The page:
Background: A sedentary lifestyle is an independent risk factor for cardiovascular disease and exercise has been shown to ameliorate this risk. Inactivity is associated with a loss of muscle mass, which is also reversed with isometric exercise training. The relationship between muscle mass and vascular function is poorly defined. The aims of the current study were to determine whether increasing muscle mass by genetic deletion of myostatin, a negative regulator of muscle growth, can influence vascular function in mesenteric arteries from obese db/db mice. Methods and Results: Myostatin expression was elevated in skeletal muscle of obese mice and associated with reduced muscle mass (30% to 50%). Myostatin deletion increased muscle mass in lean (40% to 60%) and obese (80% to 115%) mice through increased muscle fiber size (P<0.05). Myostatin deletion decreased adipose tissue in lean mice, but not obese mice. Markers of insulin resistance and glucose tolerance were improved in obese myostatin knockout mice. Obese mice demonstrated an impaired endothelial vasodilation, compared to lean mice. This impairment was improved by superoxide dismutase mimic Tempol. Deletion of myostatin improved endothelial vasodilation in mesenteric arteries in obese, but not in lean, mice. This improvement was blunted by nitric oxide (NO) synthase inhibitor L-NG-nitroarginine methyl ester (L-NAME). Prostacyclin (PGI2)- and endothelium-derived hyperpolarizing factor (EDHF)-mediated vasodilation were preserved in obese mice and unaffected by myostatin deletion. Reactive oxygen species) was elevated in the mesenteric endothelium of obese mice and down-regulated by deletion of myostatin in obese mice. Impaired vasodilation in obese mice was improved by NADPH oxidase inhibitor (GKT136901). Treatment with sepiapterin, which increases levels of tetrahydrobiopterin, improved vasodilation in obese mice, an improvement blocked by L-NAME. Conclusions: Increasing muscle mass by genetic deletion of myostatin improves NO-, but not PGI2- or EDHF-mediated vasodilation in obese mice; this vasodilation improvement is mediated by down-regulation of superoxide.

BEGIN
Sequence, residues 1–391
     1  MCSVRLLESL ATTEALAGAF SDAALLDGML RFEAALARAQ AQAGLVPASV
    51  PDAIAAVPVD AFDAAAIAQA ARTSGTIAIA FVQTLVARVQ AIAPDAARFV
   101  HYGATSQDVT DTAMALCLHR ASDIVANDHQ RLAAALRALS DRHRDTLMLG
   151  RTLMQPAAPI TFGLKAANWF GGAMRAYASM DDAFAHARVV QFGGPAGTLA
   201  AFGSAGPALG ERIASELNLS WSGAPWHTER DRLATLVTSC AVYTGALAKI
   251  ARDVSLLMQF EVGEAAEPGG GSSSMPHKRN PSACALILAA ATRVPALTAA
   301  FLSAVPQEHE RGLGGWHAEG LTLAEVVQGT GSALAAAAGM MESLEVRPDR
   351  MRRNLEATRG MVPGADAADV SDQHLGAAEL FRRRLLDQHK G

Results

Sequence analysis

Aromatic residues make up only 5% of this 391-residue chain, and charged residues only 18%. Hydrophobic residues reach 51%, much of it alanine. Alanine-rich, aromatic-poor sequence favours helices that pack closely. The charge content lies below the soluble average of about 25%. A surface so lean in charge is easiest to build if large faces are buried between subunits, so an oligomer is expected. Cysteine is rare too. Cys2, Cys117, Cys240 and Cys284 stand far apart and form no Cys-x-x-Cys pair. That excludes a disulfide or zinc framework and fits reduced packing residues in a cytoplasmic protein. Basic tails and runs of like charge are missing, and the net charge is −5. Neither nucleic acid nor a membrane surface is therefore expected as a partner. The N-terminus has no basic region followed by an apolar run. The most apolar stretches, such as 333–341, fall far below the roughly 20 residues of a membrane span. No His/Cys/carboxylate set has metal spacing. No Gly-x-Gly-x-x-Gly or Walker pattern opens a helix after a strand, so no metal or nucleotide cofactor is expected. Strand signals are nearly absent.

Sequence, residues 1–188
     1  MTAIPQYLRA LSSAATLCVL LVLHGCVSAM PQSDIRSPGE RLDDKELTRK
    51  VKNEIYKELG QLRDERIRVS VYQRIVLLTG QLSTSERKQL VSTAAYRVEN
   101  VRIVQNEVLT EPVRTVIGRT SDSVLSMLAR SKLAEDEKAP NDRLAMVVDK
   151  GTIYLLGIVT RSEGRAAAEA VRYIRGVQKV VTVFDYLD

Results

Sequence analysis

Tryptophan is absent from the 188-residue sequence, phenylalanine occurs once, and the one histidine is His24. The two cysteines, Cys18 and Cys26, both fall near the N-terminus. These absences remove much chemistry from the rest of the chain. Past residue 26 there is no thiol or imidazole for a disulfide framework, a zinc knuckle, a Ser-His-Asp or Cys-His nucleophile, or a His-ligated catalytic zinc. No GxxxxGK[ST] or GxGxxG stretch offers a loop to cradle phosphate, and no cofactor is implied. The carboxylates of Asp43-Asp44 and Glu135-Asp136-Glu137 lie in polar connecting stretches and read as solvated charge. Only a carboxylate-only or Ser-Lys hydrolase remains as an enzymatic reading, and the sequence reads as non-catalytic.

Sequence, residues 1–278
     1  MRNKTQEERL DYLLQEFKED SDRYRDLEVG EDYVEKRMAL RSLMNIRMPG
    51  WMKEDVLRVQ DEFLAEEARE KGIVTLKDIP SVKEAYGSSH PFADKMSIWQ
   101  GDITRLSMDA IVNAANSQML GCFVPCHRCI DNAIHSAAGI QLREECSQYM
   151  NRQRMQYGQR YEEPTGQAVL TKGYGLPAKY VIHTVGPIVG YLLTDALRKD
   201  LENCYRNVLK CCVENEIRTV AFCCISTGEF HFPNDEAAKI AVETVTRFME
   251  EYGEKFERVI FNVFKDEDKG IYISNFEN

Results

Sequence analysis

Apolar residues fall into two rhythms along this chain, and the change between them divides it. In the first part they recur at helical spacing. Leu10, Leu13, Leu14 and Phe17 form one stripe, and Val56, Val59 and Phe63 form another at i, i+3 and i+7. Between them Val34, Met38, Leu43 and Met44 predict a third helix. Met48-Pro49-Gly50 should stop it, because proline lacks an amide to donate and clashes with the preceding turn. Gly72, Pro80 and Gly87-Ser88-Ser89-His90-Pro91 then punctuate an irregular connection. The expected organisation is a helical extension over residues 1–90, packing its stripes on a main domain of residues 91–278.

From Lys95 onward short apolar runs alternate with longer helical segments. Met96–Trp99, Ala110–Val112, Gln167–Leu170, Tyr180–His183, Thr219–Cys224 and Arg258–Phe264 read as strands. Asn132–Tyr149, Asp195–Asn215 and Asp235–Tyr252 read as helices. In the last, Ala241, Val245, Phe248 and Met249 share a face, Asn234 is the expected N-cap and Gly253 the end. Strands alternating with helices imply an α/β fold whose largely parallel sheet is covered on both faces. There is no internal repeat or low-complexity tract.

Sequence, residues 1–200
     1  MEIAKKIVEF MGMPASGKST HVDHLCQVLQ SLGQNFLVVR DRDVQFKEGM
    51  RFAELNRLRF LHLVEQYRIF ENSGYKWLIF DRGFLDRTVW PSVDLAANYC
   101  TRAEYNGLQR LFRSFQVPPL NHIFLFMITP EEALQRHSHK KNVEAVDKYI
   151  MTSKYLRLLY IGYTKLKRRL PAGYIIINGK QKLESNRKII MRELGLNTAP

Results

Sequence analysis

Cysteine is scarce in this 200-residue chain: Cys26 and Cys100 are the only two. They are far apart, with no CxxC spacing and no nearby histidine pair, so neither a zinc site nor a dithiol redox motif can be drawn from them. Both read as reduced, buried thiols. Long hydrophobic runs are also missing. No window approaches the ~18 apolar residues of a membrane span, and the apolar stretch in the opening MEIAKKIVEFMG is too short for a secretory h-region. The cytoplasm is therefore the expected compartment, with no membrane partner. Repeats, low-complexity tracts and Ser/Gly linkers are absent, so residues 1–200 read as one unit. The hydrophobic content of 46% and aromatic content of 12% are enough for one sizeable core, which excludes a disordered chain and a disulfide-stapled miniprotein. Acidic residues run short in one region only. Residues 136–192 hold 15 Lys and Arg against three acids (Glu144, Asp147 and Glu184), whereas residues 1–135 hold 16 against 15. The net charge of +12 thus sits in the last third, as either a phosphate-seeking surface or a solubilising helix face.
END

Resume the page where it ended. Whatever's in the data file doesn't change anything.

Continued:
- Muscle mass
- Oxidant stress
ASJC Scopus subject areas
- Cardiology and Cardiovascular Medicine